“Instead, the problem is the federal government’s accountability system for what to do about the results of these tests,” Alexander said. “This federal accountability system has greatly contributed to the exploding number of state and local tests.”

McCluskey says ECAA would still make for too much federal influence over education.

“If you compared this to … what the federal government should be doing in education, we’re nowhere near where we need to be,” McCluskey said.

“The federalism is better in the new proposal,” said Lisa Snell, director of education at the Reason Foundation. “It is significant that states will not have to justify many of the inputs [as currently] required, like ‘adequate yearly progress’ and ‘highly qualified teachers’ that generated so many Title I compliance officers. The law … lets states decide on individual testing and accountability programs and sanctions rather than pushing a one-size-fits all structure.”

Funding Concerns

Snell and McCluskey both say ESEA is not the place to increase funding of early childhood education, as the bill’s language suggests.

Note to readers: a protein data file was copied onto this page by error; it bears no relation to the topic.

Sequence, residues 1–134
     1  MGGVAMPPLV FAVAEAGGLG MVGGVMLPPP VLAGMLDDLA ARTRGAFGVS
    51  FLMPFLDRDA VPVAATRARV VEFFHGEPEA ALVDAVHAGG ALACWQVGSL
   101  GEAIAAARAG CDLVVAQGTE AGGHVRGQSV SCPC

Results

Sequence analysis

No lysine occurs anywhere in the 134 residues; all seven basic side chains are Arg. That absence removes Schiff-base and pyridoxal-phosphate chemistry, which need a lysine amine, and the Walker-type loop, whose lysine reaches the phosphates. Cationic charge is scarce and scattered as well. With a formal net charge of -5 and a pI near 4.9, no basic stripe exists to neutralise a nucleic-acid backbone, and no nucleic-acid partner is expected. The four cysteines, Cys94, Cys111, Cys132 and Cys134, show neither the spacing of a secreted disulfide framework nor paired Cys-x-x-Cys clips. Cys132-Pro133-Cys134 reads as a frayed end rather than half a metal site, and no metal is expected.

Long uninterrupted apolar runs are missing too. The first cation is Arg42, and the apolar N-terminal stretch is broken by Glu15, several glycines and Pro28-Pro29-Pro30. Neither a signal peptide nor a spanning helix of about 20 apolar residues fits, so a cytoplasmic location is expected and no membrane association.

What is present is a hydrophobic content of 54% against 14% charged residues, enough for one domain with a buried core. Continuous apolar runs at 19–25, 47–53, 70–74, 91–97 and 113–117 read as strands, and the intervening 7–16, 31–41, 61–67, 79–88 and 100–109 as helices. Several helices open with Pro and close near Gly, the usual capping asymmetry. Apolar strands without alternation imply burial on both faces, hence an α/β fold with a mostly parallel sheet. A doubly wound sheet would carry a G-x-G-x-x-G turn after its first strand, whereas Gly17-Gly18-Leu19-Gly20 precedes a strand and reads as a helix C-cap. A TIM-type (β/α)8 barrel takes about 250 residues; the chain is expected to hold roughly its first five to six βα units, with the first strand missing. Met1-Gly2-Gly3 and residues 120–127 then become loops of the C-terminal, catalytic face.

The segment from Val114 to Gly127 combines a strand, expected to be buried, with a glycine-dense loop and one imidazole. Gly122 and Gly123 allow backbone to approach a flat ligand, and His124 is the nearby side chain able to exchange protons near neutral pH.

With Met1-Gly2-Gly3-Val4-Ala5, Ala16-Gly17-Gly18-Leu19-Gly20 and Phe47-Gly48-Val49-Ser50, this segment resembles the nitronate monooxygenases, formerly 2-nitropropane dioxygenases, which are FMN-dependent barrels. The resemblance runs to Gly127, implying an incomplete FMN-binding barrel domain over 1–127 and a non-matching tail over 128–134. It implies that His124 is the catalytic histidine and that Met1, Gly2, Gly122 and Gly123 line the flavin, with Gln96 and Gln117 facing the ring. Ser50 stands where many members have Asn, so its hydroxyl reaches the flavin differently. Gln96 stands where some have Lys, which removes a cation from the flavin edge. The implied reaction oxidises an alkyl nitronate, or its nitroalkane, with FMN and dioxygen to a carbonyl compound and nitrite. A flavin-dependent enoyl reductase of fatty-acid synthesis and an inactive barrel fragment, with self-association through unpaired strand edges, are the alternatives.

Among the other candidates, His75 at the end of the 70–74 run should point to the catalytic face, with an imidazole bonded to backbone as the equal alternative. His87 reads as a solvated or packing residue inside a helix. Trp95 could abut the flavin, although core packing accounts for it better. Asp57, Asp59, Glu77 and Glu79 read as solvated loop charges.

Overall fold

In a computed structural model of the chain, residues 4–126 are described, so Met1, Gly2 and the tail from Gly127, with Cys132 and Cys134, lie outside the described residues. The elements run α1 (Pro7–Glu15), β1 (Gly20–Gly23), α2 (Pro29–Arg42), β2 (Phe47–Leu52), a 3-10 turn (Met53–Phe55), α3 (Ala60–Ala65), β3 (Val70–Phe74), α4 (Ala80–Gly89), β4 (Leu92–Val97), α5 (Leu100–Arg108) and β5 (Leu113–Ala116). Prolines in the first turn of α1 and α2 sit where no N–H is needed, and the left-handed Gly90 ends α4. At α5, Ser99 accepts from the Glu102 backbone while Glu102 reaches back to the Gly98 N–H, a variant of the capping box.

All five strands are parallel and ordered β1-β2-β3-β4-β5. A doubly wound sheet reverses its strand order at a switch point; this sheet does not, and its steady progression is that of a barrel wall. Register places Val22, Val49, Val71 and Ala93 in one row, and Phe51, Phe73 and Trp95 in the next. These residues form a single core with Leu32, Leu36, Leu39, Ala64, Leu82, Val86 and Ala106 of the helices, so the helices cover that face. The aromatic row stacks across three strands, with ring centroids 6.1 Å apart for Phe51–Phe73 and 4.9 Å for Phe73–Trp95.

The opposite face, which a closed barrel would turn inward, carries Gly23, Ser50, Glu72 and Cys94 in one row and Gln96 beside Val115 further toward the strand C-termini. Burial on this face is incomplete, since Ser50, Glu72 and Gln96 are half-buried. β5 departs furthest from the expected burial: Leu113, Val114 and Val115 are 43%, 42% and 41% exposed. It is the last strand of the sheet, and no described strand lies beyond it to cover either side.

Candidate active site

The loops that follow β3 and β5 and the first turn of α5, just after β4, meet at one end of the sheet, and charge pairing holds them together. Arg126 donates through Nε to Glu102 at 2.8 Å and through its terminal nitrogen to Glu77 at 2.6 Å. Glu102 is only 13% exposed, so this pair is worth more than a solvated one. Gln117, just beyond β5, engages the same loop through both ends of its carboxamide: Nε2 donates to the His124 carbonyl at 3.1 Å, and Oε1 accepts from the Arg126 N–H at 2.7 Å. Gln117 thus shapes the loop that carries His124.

“Early education should not be addressed through ESEA,” Snell said. “There are myriad other early education funding streams from the federal government, from Head Start to the Early Education block grant. They should not be duplicated in K–12 funding. Any changes, expansions, or improvements to early education should be done by first streamlining and coalescing the existing federal early education programs.”

Snell also says Title I funding given to school districts to improve student achievement in low-income areas has been ineffective. 

“There are still severe issues with the funding formula itself and the unintended inequities between Title I schools and other district schools that the current comparability rules allow,” Snell said. “Until the money is attached to students [instead of being allocated directly to schools], districts will still be able to game the formula through staff placement, and there is no guarantee that staffing will be distributed in an equitable way by local districts. The bottom line is that these new efforts and spending from the federal government will likely have very little impact on the student achievement outcomes for disadvantaged students.

“To date, there is almost no empirical evidence showing that Title I has actually made a difference for disadvantaged students,” Snell said. “Without using Title I to actually change the current education delivery system by allowing more school choice and more portable funding and competition between schools for disadvantaged students, it is unlikely that the next reauthorization of ESEA will lead to strong improvement for disadvantaged students.”

Ashley Bateman ([email protected]) writes from Alexandria, Virginia.

Image by AMSF2011.